There are some simple rules to follow when youíre on the road and encounter an emergency vehicle:

DO:

DONíT:

Kitchen Fire Safety

The kitchen is one of the most dangerous rooms in the house; however, following these simple tips can help prevent fire related injuries in the kitchen.  

Extinguishing Stove Fires
  • If grease or oil in the pan ignites, smother the fire with a lid and turn off the stove. Never use water, which causes grease fires to spread.
  • Do not remove the lid until it cools!

Extinguishing Oven / Microwave Fires

  • Leave the oven or microwave door shut and turn off the heat. If the flames donít go out right away, leave immediately and telephone the fire department from a neighbor's house. Be sure to have your microwave or oven checked by a maintenance person before you use it again.
Last thoughts on Fire Safety in the Kitchen

Kitchen Fire Safety Video

 Space Heater Safety

Using Space Heaters
  • Plug Space Heaters directly into outlets (DO NOT use extension cords with space heaters)
  • Keep space heaters at least 3 feet from anything that will burn (couches, beds, drapes, etc.)
  • Insure your space heater has a tip over protection that turns the heater off in case it turns over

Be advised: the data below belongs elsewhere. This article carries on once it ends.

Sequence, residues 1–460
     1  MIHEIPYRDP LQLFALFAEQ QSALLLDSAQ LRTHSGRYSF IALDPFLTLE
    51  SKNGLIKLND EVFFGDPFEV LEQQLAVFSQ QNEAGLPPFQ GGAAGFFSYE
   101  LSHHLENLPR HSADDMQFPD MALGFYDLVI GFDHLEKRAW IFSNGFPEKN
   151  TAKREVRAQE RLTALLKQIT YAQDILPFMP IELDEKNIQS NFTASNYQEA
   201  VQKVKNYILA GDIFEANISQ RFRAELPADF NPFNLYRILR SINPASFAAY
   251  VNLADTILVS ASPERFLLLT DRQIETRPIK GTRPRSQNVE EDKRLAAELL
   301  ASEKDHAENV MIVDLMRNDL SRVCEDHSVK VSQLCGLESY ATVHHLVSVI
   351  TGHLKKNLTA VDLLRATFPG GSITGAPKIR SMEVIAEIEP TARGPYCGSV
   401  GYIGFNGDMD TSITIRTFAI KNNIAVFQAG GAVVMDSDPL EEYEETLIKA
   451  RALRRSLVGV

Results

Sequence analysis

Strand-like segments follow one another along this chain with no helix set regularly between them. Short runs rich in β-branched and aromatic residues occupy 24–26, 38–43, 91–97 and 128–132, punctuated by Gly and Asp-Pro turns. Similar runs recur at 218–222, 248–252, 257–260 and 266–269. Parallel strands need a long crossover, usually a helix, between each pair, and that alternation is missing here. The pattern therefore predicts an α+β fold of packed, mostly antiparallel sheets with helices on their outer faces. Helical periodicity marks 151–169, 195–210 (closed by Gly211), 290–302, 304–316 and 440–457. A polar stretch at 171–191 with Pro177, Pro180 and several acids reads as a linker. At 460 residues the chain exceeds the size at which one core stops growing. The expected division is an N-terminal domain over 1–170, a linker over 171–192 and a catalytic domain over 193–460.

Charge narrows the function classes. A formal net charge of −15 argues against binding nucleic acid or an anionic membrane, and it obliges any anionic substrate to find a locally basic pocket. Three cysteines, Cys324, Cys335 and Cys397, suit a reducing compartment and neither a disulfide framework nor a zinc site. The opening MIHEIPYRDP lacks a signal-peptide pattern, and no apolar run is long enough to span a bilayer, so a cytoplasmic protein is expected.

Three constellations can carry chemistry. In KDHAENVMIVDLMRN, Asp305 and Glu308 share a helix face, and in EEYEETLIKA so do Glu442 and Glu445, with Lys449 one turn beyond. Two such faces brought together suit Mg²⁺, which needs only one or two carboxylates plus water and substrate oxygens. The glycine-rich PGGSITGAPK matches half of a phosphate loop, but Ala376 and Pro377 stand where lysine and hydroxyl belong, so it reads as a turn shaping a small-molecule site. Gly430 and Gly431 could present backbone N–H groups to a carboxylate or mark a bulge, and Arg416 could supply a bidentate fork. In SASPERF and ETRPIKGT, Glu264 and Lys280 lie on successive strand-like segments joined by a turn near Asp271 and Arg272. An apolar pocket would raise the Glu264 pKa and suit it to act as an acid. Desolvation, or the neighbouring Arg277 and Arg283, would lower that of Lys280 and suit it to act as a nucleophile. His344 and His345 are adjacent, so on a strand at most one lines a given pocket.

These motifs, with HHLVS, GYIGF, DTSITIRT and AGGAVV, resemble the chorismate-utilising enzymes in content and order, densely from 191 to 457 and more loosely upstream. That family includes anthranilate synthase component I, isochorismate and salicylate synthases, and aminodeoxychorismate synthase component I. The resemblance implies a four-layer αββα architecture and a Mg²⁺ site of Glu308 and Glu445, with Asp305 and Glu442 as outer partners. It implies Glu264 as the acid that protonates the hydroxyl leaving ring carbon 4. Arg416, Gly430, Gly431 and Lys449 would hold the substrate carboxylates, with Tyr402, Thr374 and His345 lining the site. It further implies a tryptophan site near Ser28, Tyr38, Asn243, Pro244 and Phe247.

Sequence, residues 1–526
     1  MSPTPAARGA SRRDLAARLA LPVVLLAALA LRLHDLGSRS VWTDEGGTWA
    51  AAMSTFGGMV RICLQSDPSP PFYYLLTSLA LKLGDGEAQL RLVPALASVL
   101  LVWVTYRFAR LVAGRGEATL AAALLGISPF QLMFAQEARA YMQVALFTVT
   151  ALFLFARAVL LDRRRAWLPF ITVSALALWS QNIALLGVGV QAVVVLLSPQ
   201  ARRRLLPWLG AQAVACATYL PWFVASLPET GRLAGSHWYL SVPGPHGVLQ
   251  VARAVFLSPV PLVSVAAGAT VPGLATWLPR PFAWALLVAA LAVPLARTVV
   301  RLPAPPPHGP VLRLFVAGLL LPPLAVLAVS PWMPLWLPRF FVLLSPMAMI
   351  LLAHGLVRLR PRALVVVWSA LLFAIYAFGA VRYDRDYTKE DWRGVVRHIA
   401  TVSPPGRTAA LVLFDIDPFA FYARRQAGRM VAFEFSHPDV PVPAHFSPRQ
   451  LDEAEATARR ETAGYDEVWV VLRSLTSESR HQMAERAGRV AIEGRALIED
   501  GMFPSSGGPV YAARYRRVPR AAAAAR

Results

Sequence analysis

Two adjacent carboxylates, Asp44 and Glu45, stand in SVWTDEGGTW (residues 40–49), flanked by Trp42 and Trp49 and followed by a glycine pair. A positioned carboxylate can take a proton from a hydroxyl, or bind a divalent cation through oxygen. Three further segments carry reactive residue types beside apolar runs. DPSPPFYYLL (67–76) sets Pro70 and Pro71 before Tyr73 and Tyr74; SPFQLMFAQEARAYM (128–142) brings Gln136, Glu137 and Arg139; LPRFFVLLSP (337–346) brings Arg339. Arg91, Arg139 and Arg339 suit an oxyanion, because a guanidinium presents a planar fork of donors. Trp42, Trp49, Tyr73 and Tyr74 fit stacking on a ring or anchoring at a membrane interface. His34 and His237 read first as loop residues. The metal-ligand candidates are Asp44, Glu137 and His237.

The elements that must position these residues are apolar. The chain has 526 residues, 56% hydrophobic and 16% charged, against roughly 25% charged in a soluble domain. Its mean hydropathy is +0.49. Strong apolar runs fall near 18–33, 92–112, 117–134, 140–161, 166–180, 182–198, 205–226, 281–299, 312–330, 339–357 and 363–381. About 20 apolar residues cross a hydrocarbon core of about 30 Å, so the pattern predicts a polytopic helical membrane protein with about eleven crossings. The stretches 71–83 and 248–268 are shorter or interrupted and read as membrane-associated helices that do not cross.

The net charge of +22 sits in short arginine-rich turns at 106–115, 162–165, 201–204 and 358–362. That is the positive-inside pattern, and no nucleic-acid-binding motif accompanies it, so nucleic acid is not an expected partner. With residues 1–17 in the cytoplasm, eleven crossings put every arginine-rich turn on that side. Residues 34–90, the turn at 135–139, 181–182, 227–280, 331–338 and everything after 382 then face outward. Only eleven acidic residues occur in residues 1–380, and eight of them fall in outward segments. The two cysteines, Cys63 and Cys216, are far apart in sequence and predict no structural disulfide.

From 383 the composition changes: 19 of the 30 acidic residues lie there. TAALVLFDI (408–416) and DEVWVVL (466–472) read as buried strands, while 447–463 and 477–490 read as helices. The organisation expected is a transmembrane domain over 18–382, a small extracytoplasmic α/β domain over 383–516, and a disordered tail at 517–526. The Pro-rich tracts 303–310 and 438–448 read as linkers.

• Do not use space heaters to dry clothes or linens (by hanging clothes or linens on the heater)

Click here to view a video from the Today Show and demonstrates how easily a space heater can start a fire and how quickly it can spread.

South Carolina Burned Children's Fund

MUSC Children's Hospital Burned Children's Fund is a continuation of a program founded in 1986 by South Carolina's firefighters and MUSC Children's Hospital to ease the recovery process for MUSC's pediatric burn patients and their families. Donations to this fund support South Carolina's only referral center for pediatric burns, MUSC Children's Hospital Pediatric Burn Center.

The Burned Children's Fund and the Pediatric Burn Center co-sponsor Camp 'Can' Do, a camp designed specially for burned children. The Burned Children's Fund also supports the FAN Club. This program matches firefighters with burned children to help them return to school as well as educate their classmates about the child's experience. Also accomplished is the creation of a hydrotherapy area in MUSC Children's Hospital, improving the necessary, but unpleasant dressing changes and treatments a burned child must endure.

For more information, visit South Carolina Burned Children's Fund website.